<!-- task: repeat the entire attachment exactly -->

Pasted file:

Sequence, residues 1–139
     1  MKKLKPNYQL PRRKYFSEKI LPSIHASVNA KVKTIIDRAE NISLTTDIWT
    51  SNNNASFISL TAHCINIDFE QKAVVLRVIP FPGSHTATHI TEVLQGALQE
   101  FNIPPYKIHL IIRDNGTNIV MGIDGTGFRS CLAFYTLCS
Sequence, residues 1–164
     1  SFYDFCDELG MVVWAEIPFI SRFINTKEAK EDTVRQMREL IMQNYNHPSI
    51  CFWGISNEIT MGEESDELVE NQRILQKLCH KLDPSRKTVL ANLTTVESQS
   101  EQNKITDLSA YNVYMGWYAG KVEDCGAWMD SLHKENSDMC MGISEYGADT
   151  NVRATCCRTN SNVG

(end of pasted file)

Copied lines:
Sequence, residues 1–139
     1  MKKLKPNYQL PRRKYFSEKI LPSIHASVNA KVKTIIDRAE NISLTTDIWT
    51  SNNNASFISL TAHCINIDFE QKAVVLRVIP FPGSHTATHI TEVLQGALQE
   101  FNIPPYKIHL IIRDNGTNIV MGIDGTGFRS CLAFYTLCS
Sequence, residues 1–164
     1  SFYDFCDELG MVVWAEIPFI SRFINTKEAK EDTVRQMREL IMQNYNHPSI
    51  CFWGISNEIT MGEESDELVE NQRILQKLCH KLDPSRKTVL ANLTTVESQS
   101  EQNKITDLSA YNVYMGWYAG KVEDCGAWMD SLHKENSDMC MGISEYGADT
   151  NVRATCCRTN SNVG